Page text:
Cheuk Cheung’s otherwise observational documentary Bamboo Theatre often interrupts the action with a series of title cards beginning “this is a space”, a space for ritual, for culture, for the traditional and for its evolution both manmade and somehow spiritual. Bamboo Theatre (戲棚) is in fact Cheuk’s third documentary on the subject of Chinese opera having apparently developed an interest through a chance encounter that left him surprisingly moved, but the focus this time is as much on the building as it is on the art emphasising the ironic endurance of these transient structures forever dismantled and rebuilt in a constant process of change and renewal.
As the closing titles reveal, the number of bamboo theatres operating across Hong Kong has dropped by 30% though the traditional practice continues to endure with communities across the islands conducting ritual to honour the birth of Tin Hau, goddess of the sea. Built entirely from bamboo without the use of a single nail, the structures are a marvel of engineering yet intended to stand for less than two months, performances taking place for only three to seven days before the entire theatre is dismantled and transported to its next location to be resurrected anew. Cheuk elegises the disappearing art form through long sequences of painstaking construction scored with classical music as if to lament the dying nature of the craft while bearing testament to its survival as the company crafts its own space with its own hands not only a stage and makeshift covering but a warren of backstage corridors where costumes are steamed and pressed while actors rehearse or put on their makeup. A scenic boat is even is whipped up mid-performance seconds before being tracked on stage.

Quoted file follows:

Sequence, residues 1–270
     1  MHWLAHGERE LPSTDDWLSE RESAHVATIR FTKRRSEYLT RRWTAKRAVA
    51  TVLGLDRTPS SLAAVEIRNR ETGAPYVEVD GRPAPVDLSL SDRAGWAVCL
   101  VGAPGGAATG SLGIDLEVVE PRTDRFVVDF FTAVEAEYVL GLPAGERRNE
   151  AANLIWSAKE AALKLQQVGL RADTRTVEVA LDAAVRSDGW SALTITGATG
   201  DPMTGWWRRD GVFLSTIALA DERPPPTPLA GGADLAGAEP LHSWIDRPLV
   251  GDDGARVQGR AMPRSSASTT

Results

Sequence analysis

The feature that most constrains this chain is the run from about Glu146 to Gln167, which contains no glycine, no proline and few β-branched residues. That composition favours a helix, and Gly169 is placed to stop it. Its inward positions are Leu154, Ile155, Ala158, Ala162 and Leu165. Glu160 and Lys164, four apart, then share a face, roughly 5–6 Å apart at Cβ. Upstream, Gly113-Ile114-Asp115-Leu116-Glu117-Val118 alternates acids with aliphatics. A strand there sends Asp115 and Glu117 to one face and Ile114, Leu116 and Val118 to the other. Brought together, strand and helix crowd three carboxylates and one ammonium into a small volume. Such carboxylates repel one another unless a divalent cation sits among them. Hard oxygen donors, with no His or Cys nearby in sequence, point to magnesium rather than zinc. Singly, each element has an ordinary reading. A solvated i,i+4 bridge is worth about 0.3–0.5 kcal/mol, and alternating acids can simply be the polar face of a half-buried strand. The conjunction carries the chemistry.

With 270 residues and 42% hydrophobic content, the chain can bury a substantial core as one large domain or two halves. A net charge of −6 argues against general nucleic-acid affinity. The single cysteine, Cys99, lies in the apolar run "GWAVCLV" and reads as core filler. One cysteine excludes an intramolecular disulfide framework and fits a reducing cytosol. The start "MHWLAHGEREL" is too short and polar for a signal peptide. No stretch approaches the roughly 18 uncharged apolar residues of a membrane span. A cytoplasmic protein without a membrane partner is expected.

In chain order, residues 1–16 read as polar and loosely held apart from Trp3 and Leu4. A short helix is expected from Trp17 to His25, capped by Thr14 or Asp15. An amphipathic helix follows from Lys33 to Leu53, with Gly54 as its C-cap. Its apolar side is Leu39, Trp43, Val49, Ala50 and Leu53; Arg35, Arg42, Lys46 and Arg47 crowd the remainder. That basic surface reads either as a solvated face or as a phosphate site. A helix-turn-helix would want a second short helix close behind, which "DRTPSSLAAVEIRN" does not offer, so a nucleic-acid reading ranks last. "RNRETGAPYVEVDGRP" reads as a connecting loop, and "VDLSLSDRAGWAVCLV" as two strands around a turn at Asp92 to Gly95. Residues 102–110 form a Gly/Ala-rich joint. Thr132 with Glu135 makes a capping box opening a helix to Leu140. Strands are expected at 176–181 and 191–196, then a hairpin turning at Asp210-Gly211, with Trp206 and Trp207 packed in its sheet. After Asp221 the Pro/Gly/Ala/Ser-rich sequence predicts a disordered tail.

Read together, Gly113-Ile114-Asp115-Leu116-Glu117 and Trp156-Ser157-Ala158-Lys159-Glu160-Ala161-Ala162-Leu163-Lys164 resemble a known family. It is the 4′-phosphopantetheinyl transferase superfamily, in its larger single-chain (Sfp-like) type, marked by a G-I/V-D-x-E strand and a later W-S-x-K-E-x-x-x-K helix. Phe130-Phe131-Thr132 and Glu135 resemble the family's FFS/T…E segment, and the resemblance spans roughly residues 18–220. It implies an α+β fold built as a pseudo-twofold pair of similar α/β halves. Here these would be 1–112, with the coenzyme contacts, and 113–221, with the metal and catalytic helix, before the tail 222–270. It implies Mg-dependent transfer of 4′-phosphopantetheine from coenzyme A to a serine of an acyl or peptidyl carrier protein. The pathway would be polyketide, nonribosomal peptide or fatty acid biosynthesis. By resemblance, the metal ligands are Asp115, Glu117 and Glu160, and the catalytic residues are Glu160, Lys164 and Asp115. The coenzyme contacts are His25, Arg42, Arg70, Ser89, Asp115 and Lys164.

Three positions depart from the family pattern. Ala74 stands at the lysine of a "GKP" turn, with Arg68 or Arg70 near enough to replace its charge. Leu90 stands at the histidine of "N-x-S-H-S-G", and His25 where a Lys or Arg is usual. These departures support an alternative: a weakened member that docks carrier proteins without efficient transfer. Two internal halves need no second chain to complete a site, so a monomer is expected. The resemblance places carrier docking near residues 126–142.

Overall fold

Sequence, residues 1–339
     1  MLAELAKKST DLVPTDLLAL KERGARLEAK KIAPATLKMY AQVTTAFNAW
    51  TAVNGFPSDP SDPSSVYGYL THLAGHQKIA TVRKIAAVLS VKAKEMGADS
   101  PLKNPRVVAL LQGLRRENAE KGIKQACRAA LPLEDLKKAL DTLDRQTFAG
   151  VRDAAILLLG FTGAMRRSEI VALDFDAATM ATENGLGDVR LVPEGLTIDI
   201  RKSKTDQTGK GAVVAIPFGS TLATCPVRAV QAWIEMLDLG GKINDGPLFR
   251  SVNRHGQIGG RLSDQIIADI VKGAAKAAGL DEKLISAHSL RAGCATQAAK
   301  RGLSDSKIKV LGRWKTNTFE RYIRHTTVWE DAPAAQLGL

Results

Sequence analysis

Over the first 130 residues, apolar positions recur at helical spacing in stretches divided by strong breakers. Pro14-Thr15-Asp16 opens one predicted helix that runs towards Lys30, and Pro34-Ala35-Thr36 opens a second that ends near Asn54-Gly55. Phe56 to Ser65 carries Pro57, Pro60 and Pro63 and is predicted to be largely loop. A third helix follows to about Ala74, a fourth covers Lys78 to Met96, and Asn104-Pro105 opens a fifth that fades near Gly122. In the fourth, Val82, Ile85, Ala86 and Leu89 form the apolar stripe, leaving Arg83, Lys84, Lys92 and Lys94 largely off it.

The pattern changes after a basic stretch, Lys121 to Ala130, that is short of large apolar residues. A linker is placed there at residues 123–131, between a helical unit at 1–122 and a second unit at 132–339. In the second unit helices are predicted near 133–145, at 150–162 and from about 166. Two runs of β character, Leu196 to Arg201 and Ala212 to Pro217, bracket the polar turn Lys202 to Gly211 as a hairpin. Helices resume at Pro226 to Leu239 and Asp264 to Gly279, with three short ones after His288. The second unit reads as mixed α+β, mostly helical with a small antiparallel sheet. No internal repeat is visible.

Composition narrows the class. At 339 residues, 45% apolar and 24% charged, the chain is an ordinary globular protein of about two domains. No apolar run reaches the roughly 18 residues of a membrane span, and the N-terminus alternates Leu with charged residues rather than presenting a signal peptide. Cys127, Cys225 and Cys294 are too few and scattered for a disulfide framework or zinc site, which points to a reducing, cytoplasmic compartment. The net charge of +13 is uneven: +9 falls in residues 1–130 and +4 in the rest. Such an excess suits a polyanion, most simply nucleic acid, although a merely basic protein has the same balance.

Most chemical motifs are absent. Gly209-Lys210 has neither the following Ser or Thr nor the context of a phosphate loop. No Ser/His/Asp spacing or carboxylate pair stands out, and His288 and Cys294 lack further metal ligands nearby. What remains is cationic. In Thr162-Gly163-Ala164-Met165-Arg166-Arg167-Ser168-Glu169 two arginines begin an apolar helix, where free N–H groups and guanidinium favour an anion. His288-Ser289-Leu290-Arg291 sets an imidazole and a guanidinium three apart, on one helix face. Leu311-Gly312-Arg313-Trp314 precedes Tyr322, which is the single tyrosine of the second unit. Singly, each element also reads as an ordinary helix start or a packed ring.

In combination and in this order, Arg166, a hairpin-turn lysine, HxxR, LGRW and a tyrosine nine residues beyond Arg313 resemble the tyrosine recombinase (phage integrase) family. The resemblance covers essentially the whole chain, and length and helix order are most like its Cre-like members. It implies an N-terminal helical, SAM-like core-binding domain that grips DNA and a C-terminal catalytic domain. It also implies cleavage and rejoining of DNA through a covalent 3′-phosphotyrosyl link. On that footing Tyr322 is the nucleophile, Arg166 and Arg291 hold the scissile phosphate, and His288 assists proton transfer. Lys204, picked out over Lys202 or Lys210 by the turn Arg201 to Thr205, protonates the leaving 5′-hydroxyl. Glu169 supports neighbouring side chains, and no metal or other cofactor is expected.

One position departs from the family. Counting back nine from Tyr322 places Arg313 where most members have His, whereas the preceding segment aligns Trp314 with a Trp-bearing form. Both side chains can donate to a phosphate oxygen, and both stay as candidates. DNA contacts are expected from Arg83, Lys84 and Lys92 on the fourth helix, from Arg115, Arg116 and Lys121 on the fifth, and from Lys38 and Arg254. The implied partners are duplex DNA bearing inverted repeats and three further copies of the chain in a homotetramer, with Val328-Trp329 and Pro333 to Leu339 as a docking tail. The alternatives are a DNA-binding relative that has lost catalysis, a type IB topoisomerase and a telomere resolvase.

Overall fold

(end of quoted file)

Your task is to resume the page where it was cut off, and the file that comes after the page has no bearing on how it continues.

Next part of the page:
Meanwhile, the theatre creates its own kind of spectacle outside its doors a mini festival taking place in the open air with stalls selling nicknacks and street food. The audience appears diverse, a mixture of small children accompanied by parents or grandparents along with elderly spectators attending alone, the kids well behaved and engaged with this very traditional art form. As another of the title cards reminds us, this is a space for entertaining both people and the gods, ritual and enjoyment presented with equal importance which explains perhaps how this incredibly laborious practice has managed to endure in an age which largely values convenience.
Then again as one performer complains in one of the few scenes featuring dialogue, why don’t they put up a mobile toilet for the performers along with the rest of the structure, their personal convenience it seems valued comparatively little. A mess of hanging cloths, the backstage areas appear more spacious than one might expect, but are also subject to their own arcane rules a sign reminding women not to sit on crates for the gods though it seems unlikely anyone is doing very much sitting at all given the general business of backstage of life. Even once the audience has gone home, an old man commandeers the darkened stage to practice his art singing to an empty auditorium in an otherwise silent night.
Having begun the film with a theatre’s construction Cheuk closes with its dismantling, foil sheeting from the roof clashing to the floor with apocalyptic intent yet also suggesting that this is how something survives, taken down in one place to be rebuilt in another the same but different, transient and eternal. In this way, xiqu opera survives its ritualised nature taking on an almost mystical dimension in its constant acts of appearance and disappearance though perhaps it’s ironic to think of something so obviously built by human hands as “intangible” culture. Even so, the enduring power of the bamboo theatre captured with an ethereal distance through Cheuk’s sensitive lensing is perhaps a sign of hope for the future in the face of persistent anxiety that such iconic local traditions are always at the risk of erasure.